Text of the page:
But what will the Davis Coal & Coke Company do for the widows and friends of the unfortunate victims of the explosion? In the first place, $400 will be paid for each death, which is the amount of miners' insurance with the Company. In the second place, the Company pays the funeral expenses, which amounts to $2160.60, and further the widows are allowed to get goods at the B&L store to satisfy their immediate needs, and the prices of the goods is not deducted form the insurance.
In giving credit for heroism displayed in rescue work at the mine we do not wish to detract any credit due the many faithful mine officials, but we do wish to commend the miners of the Elk Garden region, including Wabash, Oakmont, Kitzmiller and from distant mines for their coolness, skill and daring. It was their brother miners entombed and they toiled, they braved the dangerous gases, they reeled under the influence of the poison, and when refreshed plunged into the mines again. The city dailies drew on their imagination in stating that women and children were at the mines uttering heart-rending cries. The women in nearly every case staid at home, and there patiently bore the awful suspense until their loved ones lifeless forms were brought to them by the undertaker.
It is difficult to tell which were the greater heroes, the women remaining at home in the deepest grief, watching, hoping, praying, or the miners braving the deadly gases to rescue the bodies of their unfortunate comrades.


All busy; some have planted their corn; others are planting and still others are getting ready to plant. A cool wave has come and will cause people to pause a moment.
Fruit is still safe.
E J Allen, Leslie Carnell and Frank Brenning have just finished putting a new galvanized iron roof on J H Cheshire's barn. They say it was a task, so many of the old rafters, etc, were rotten.
It is reported that I I Whipp's still have an afflicted time. They have had siege with the whooping cough and now think the baby is taking it.
Aunt Tilla Kline continues poorly, sometimes a little better for a few days, then worse again. She can sit up in bed some.
Latest reports says Miss Margie Biser's condition has been better for some time.
D A Daugherty of Augusta, came up and bought a bunch of yearlings of S W Whipp.
C W McDonald took a wagon load of veal calves this week. He comes around each week for the trade he can get, and he gets an abundance of it, and occasionally makes an extra trip, as he is doing this week. Also, will deliver supplies of every kind ordered to his customers.
There will be social singing at the church next Sun, 7th at 3:30, from Song Praises.
Bring books.


Mr Morgan Bane, of Sulphur, brought over two nice pigs for Dr J Oliver Lantz last Monday.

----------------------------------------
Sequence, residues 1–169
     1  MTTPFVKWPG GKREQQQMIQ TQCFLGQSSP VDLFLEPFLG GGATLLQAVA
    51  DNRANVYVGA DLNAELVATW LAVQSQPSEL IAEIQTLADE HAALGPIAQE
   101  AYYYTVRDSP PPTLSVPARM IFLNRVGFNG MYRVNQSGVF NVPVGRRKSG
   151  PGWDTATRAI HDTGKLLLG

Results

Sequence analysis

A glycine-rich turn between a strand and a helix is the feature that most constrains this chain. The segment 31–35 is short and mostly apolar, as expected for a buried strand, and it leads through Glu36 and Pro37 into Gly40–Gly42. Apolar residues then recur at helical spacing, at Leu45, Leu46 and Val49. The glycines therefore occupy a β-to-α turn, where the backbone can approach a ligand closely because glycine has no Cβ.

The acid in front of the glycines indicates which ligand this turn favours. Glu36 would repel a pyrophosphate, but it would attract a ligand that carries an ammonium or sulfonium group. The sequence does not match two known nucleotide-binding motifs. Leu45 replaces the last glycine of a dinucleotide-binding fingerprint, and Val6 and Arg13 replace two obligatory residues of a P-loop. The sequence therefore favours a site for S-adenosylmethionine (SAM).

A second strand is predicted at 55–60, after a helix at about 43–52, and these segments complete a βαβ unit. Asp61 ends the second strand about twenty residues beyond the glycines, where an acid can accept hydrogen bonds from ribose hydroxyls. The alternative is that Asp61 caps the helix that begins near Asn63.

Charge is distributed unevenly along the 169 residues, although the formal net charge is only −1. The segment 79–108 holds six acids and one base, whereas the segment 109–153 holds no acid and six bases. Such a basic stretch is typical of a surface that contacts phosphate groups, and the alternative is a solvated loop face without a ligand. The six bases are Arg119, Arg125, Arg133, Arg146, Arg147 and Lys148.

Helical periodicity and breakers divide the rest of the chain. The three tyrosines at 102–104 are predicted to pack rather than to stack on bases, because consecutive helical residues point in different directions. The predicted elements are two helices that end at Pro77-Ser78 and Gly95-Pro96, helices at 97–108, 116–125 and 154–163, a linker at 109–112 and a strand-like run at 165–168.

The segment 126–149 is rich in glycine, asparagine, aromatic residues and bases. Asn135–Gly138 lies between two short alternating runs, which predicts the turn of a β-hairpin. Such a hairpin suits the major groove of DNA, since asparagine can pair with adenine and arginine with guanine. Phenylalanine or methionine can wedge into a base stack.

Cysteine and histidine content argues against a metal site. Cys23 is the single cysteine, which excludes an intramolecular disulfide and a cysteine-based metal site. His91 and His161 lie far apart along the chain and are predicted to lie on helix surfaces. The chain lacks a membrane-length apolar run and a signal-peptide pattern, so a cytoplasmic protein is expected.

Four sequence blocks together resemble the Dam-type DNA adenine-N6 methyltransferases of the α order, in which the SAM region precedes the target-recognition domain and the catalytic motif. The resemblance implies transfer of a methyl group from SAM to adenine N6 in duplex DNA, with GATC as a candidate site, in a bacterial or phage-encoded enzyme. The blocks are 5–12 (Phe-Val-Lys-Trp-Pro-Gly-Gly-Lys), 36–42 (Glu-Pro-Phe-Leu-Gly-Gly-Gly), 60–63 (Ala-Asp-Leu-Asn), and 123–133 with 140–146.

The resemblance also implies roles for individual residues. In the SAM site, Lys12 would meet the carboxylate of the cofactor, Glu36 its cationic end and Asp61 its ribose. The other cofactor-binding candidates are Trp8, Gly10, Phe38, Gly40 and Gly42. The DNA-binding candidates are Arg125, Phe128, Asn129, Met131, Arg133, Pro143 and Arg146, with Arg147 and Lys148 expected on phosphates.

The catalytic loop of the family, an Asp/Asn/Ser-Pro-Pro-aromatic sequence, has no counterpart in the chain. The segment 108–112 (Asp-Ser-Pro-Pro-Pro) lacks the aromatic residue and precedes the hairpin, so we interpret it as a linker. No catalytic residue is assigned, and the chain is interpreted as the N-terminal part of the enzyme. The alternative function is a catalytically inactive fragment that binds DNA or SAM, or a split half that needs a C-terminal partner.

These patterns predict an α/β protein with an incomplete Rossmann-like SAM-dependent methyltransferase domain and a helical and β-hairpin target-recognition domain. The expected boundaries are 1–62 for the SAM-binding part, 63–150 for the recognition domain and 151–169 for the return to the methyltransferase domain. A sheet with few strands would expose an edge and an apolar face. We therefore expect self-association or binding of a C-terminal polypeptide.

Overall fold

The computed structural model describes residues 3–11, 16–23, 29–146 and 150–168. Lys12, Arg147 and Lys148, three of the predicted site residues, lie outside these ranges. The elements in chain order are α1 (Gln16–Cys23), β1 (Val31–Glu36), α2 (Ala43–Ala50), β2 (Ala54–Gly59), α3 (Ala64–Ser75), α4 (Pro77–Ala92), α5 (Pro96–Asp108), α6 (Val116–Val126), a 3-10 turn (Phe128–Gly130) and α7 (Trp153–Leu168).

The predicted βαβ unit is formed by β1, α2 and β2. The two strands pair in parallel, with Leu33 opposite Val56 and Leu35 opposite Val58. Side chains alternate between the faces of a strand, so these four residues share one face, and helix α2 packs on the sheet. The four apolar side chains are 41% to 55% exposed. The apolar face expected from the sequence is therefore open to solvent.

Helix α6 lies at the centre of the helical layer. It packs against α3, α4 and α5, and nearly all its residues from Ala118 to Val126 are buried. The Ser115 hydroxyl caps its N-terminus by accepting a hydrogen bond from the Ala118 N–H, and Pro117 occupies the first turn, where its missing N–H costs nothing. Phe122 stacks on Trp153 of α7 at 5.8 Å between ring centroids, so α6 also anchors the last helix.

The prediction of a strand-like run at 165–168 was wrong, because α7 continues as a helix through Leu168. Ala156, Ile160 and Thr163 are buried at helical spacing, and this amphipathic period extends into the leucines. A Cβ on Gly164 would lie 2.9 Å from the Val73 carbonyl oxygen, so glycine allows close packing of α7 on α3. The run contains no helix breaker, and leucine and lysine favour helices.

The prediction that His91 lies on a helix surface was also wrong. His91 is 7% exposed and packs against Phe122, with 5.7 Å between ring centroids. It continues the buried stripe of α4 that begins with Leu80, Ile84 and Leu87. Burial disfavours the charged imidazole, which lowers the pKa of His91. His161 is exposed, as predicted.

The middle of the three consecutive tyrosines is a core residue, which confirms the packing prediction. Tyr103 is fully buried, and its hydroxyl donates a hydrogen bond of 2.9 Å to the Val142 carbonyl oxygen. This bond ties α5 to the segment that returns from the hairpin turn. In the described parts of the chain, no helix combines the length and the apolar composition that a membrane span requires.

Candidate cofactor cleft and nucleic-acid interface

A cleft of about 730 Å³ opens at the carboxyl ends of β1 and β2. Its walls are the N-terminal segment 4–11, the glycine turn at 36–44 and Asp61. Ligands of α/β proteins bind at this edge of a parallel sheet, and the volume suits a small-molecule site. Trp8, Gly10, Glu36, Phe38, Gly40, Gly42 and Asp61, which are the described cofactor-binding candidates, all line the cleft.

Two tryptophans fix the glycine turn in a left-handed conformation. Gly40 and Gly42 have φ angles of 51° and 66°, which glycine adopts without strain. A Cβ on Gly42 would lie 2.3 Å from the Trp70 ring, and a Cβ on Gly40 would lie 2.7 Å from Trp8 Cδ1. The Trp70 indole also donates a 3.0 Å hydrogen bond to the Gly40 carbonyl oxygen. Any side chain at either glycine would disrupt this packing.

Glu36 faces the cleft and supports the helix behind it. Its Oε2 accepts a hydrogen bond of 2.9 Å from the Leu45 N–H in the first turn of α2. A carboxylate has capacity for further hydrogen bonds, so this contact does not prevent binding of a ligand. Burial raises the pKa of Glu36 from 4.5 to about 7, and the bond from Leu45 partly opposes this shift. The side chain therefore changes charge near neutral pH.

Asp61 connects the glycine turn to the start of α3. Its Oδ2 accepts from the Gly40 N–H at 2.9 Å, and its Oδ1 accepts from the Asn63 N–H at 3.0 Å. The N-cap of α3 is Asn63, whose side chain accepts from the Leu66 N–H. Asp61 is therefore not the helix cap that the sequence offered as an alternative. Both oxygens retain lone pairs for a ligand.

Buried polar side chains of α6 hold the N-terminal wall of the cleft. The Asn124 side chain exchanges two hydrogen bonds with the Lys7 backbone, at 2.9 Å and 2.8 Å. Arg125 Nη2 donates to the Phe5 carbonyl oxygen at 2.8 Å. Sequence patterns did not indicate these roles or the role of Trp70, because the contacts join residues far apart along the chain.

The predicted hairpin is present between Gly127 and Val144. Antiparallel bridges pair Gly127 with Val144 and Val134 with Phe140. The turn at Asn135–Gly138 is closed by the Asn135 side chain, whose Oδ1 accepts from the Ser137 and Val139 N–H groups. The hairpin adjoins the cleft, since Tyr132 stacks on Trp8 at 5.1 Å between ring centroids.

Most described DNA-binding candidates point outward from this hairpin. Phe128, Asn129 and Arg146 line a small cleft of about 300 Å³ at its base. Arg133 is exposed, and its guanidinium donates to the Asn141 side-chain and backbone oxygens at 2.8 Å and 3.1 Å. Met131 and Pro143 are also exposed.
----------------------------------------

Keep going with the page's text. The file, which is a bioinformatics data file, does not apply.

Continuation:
Miss Myrtle Carnell and brother, Floyd, of Mountain Breeze Hotel, Claysville, visited friends here over Sun.
Mr T P Duling, of Mt Storm, was a business visitor here Mon.
Mr and Mrs Henry L Duling, of Gorman, are on a visit to home folks.
Mr Chas McDowell from the "Prep" at Keyser, was with home folks Sun.
Mr Denton Donean has rented the J A Street property and plans to move here in the near future.
Mr Van Blackburn, of Gorman, was calling on our merchants, Mon.
Quite a number of persons from here attended the funerals of those who perished in the mine disaster at Elk Garden last Thurs. That was the most sad day in the history of that Town.
Mr Edgar Shilllingburg has moved into his new house.
A pupils on examination gave this definition to hypotemuse; "The line opposite the right angle in a right angled triangle is called the hippopotamus."
That figure is a little mixed.
Miss Alverda Ott, of Wabash, visited friends at Oakmont last Sun.
Misses Leona Shillingburg and Cora Ludwick visited friends at Kitzmiller last Wed.
Mr John Willis and his son Ed, were seriously, if not fatally burned by the explosion of 32 lbs of powder at Emoryville last Mon. They were getting ready to go to work in the mine, and in opening a can of powder with a pick, a spark of fire caused from friction ignited powder. Dr J Oliver Lantz was called from here, and Dr Copeland from Blaine, and Dr Keim from Elk Garden. They did all that could be done to relieve their fearful suffering.
At last account some hope is had of their recovery.


As I have not written for some time, I will send a few lines to the old stand by paper of all.
We are having very bad and cold weather here.
Ben Corbin was harrowing the other day and was tired and sat down to rest and went to sleep and some one called to him and awoke him, Ha! Ha! Ben how is that?
Plowing seems to be the order of the day here. Mr Luke Lyons is about through plowing for corn.
Mr Joe Rodgers and Ed Stagg are going to Westernport Sat.
Mrs Tablitha Urice says she must go somewhere for her dinner Sun, as she was home last Sun.
The other morning Fred Urice called up his two sons before breakfast, and gave each one a hundred dollars, as he though he would divide the money and he could live at his ease the rest of his life, but for the other, the muskets and knucks, he needed them himself.
Dr Row was calling on Miss Nancy Urice last Sat night.
I await with interest for the Tribune on each Sat evening for I like it better that any other paper I get.
Once in a While


Mr J L Powell of Keyser has turned farmer and has been planting potatoes on Limestone during the past week. The planting is OK, but how about the bugs, Lem?